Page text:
On this podcast, Dave and Jeff discuss the latest scam targeting Travelex customers, a phishing attack on the UN, Australia relief being targeted by Magecart, and more.
What happens if you store all data in a single cloud storage and the backup service gets attacked by ransomware?
A bug in WinRAR allows malefactors to gain full control over your device. All they need you to do is unpack a rigged RAR file.
A close look at Pirate Matryoshka malware, and why even inveterate pirates should not download cracked software from torrent trackers.
Can an ATM turn into a slot machine? WinPot malware helps its owners win big at the “ATM game.”
The story of a guy who just wanted to download a pirated copy of a game but got malware instead. It’s happening more and more often, and we explain why.
Epidemics, espionage, destruction: We present the most memorable cyberattacks of recent years.
Freelancers are beloved targets for cybercriminals, who use phishing and malware to steal credentials and money. Here’s how to avoid their traps and stay safe.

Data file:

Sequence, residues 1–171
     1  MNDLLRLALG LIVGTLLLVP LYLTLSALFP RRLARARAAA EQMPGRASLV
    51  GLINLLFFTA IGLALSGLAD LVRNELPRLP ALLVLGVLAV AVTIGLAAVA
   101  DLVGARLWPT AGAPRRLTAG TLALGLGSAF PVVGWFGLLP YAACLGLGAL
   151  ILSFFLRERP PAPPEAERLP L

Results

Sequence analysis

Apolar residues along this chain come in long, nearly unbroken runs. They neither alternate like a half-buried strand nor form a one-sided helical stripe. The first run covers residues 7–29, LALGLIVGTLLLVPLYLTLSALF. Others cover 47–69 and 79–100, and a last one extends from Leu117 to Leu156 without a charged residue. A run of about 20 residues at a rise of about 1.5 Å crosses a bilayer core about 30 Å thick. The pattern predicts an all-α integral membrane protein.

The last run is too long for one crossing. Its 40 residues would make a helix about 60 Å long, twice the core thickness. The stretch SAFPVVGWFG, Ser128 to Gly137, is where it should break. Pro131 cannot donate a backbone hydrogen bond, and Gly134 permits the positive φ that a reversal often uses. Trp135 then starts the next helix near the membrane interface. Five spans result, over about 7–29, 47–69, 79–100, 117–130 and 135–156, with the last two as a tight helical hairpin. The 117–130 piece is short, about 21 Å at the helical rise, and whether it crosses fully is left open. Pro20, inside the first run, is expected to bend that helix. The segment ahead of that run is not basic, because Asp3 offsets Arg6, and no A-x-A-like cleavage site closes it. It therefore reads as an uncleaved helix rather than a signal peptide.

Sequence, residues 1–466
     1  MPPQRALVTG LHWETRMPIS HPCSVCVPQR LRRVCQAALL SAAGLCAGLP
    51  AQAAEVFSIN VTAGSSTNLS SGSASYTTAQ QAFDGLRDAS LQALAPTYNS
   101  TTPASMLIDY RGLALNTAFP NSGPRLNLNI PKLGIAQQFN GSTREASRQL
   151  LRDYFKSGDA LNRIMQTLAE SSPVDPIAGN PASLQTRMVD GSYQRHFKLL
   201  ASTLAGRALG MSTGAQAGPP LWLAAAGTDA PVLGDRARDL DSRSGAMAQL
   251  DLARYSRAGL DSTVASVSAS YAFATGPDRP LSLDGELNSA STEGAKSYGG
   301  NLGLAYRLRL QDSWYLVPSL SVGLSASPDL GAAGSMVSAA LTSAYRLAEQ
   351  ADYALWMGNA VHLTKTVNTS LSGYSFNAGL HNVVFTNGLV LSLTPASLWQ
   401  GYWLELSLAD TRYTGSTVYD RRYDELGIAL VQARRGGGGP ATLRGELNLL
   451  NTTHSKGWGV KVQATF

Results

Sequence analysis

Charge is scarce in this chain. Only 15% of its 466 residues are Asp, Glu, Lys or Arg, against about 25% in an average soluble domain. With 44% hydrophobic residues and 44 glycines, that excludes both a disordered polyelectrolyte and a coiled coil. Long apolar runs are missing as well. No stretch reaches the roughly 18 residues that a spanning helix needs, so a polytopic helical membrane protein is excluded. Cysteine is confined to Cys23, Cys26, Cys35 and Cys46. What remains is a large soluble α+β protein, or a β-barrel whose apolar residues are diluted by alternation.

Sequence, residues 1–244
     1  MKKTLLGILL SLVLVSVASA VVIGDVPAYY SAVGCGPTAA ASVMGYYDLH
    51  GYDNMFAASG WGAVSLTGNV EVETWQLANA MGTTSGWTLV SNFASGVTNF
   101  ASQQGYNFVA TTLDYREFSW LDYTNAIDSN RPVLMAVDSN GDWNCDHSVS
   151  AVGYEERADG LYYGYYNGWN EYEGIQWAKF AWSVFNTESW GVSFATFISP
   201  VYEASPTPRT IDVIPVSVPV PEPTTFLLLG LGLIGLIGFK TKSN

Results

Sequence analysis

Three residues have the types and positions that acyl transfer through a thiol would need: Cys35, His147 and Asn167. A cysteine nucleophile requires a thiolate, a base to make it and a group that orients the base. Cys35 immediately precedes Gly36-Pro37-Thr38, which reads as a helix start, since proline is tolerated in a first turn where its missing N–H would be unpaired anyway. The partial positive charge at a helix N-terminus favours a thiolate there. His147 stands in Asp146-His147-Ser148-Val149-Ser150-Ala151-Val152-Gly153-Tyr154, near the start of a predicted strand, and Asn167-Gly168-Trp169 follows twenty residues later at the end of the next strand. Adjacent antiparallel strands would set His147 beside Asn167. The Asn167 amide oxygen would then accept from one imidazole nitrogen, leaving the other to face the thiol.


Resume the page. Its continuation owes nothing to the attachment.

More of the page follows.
Let’s talk about mobile malware that can empty your bank account or spy on you.
Almost half of the most-visited websites open visitors to potential dangers. What can you do?
KeyPass ransomware is infecting computers worldwide, encrypting almost everything in its path. And it all starts with downloading a seemingly innocuous installer.
In this edition of the podcast, Jeff and Dave discuss the Black Hat USA conference, a downside of Fortnite coming to Android, the Reddit hack, and our latest report on the state of malware.
In this part, we consider mobile malware capable of causing real damage to smartphone and tablet users.
The recently leaked source code actually isn’t Carbanak — it’s another advanced financial malware family. And the leak will likely have a huge ripple effect.
In part one of our mobile malware series, we cover infectious Android malware — adware, subscribers, and flooders — and how mobile viruses can damage your smartphone or tablet…
Did you see that new fully loaded Android smartphone, the one that looks too good for the price? Well, it may include some unwanted extras.
Most computer infections come from visiting porn sites, or so some people say. Are they right?
At the Security Analyst Summit, our researchers showcase how a Brazilian group steals card information and creates clones of chip-and-PIN cards.
Our experts analyzed last year’s financial cyberthreats, and here is their report
Sex sells, as they say in advertising. In cyberspace porn serves as one of the most popular tools for malicious activity.
These holiday season tips are relevant year-round